Intercepts are places where a graph crosses, or at least touches, an axis. While dictionaries define "intercept" as a verb that refers to stopping or blocking something from continuing on its way, an intercept in mathematics is a noun that refers to a crossing point.

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An *x*-intercept is where a graph crosses (or at least touches) the *x*-axis (that is, the horizontal axis); a *y*-intercept is where the graph crosses (or just touches) the *y*-axis (that is, the vertical axis).

So the graphical concept of *x*- and *y*-intercepts is pretty simple. The problems start when we are required to try to deal with intercepts algebraically.

To clarify the algebraic part, think again about the axes. When you were first introduced to the Cartesian plane, you were shown the regular number line from elementary school (that is, the *x*-axis), and then shown how you could draw a perpendicular number line (that is, the *y*-axis) through the zero point on the first number line.

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The *y*-axis corresponds to the vertical line *x* = 0; the *x*-axis corresponds to the horizontal line *y* = 0

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This means that, algebraically,

- an
*x*-intercept is a point on the graph where*y*is zero, and - a
*y*-intercept is a point on the graph where*x*is zero.

More specifically,

- an
*x*-intercept is a solution to the equation when the*y*-value has been set to zero, and - a
*y*-intercept is a solution to the equation when the*x*-value has been set to zero.

This understanding of intercepts as solutions to equations allows us to establish the algebraic process for finding intercepts.

To find one axis' intercept(s), set the other variable equal to zero, and solve the resulting equation. If there are no solutions to that equation, then there are no intercepts on that axis.

- To find the
*y*-intercept(s), set*x*equal to zero, and solve the equation; the*y*-values of the solutions, if any, say where the graph of the equation crosses or touches the*y*-axis. - To find the
*x*-intercept(s), set*y*equal to zero, and solve the equation; the*x*-values of the solutions, if any, say where the graph of the equation crosses or touches the*x*-axis.

Historical oddity: While the *y*-intercept was defined in 1881, the *x*-intercept wasn't defined until 1905. I have no idea why there was that twenty-four year gap.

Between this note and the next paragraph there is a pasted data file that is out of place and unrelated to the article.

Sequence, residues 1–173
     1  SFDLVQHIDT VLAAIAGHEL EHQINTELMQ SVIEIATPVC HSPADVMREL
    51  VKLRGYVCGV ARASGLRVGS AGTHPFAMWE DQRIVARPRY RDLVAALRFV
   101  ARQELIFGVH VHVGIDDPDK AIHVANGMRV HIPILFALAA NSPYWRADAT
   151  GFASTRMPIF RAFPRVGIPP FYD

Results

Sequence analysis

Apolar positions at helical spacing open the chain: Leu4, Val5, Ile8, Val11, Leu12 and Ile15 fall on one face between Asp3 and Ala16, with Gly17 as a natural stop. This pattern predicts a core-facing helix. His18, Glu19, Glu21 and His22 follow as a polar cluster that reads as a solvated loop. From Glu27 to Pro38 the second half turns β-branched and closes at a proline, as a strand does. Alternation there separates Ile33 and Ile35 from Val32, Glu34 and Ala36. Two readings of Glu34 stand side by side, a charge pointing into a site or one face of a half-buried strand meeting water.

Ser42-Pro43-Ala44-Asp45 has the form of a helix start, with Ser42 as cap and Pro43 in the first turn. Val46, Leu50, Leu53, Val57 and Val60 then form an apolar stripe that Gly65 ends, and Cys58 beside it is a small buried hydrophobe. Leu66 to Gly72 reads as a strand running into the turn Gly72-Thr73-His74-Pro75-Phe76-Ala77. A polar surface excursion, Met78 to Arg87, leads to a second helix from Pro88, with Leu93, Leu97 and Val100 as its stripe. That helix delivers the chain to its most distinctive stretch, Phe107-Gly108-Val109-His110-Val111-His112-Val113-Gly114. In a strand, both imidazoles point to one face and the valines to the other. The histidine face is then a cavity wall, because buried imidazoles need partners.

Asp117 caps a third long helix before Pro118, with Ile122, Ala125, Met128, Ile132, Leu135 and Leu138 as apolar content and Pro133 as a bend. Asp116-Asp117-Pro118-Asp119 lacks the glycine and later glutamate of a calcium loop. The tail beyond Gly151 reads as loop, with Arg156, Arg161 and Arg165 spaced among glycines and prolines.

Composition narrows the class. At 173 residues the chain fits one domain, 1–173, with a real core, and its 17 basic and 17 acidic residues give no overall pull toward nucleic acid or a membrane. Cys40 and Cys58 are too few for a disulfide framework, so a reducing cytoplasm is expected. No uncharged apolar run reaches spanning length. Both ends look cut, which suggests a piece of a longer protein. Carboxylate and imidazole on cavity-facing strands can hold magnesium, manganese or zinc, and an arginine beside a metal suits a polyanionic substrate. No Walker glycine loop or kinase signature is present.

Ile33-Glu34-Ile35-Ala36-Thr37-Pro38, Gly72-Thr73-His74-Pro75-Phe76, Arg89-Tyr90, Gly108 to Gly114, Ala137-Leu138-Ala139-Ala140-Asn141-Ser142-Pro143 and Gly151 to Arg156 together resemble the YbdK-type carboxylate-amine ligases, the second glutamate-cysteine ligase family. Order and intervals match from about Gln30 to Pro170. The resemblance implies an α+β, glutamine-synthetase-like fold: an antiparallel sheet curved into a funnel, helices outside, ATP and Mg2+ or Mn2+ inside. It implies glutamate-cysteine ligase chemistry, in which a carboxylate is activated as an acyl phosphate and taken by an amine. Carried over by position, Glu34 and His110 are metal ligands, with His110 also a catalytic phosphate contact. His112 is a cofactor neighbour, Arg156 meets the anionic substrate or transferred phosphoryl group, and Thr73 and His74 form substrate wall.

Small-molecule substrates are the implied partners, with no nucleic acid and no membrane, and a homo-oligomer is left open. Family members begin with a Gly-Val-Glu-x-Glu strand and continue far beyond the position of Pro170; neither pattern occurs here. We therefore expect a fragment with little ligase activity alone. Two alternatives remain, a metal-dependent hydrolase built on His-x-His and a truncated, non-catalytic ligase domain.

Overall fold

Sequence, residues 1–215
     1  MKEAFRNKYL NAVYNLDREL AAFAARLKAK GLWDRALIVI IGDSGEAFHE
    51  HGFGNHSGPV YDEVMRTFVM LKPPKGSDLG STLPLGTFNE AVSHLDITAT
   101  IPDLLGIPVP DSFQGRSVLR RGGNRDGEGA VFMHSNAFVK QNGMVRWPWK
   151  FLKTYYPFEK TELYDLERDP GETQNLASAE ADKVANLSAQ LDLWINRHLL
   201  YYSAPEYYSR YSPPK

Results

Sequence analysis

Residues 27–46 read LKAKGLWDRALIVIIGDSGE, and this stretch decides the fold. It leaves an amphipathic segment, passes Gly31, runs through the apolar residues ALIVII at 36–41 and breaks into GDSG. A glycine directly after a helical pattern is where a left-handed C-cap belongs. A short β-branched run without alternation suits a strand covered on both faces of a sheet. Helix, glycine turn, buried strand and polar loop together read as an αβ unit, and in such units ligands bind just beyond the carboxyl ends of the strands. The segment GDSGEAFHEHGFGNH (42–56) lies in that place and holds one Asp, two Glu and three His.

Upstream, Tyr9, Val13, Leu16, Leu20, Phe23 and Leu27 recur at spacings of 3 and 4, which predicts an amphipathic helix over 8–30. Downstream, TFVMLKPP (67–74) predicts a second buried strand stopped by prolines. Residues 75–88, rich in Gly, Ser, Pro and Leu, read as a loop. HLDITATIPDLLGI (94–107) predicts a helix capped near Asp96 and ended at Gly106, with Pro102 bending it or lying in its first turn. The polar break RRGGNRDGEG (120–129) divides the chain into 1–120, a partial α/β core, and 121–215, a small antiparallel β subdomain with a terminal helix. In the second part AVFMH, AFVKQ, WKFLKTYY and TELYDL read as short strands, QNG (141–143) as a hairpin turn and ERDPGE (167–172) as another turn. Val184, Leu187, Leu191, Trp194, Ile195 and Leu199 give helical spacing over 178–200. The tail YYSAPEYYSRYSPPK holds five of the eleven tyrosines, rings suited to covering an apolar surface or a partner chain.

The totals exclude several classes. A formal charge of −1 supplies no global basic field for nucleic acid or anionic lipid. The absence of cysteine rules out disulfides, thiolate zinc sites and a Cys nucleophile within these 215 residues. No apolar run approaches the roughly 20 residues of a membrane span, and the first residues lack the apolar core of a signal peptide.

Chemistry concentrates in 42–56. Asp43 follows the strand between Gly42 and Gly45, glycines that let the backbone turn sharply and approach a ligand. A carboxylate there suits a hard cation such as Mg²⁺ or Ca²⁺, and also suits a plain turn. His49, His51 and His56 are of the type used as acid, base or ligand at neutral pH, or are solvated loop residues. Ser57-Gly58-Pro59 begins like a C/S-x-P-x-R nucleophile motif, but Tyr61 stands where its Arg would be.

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- Find the
*x*- and*y*-intercepts of*x*^{2}+ 4*y*^{2}= 9.

Using the definitions of the intercepts, I will proceed as follows:

*x*-intercept(s):

*y* = 0 for the *x*-intercept(s), so:

25*x*^{2} + 4*y*^{2} = 9

25*x*^{2} + 4(0)^{2} = 9

25*x*^{2} + 0 = 9

Then the *x*-intercepts are the following two points:

*y*-intercept(s):

*x* = 0 for the *y*-intercept(s), so:

25*x*^{2} + 4*y*^{2} = 9

25(0)^{2} + 4*y*^{2} = 9

0 + 4*y*^{2} = 9

Then the *y*-intercepts are the following two points:

Just remember: Whichever intercept you're looking for, the *other* variable gets set to zero.

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In addition to the above considerations, you should think of the following terms interchangeably:

*x*-intercept- roots
- solutions
- zeroes

In other words, the following exercises are equivalent:

- Find the
*x*-intercept(s) of*y*=*x*^{3}+ 2*x*^{2}−*x*− 3 - Solve
*x*^{3}+ 2*x*^{2}−*x*− 3 = 0 - Find the zeroes / roots of
*f*(*x*) =*x*^{3}+ 2*x*^{2}−*x*− 3

If you keep this equivalence in the back of your head, many exercises will make a lot more sense. For instance, if they give you something like the following graph:

...and then they ask you to find the "solutions", you'll know that they mean "find the *x*-intercepts", and you'll be able to answer the question, even though they never gave you the equation.

URL: https://www.purplemath.com/modules/intrcept.htm

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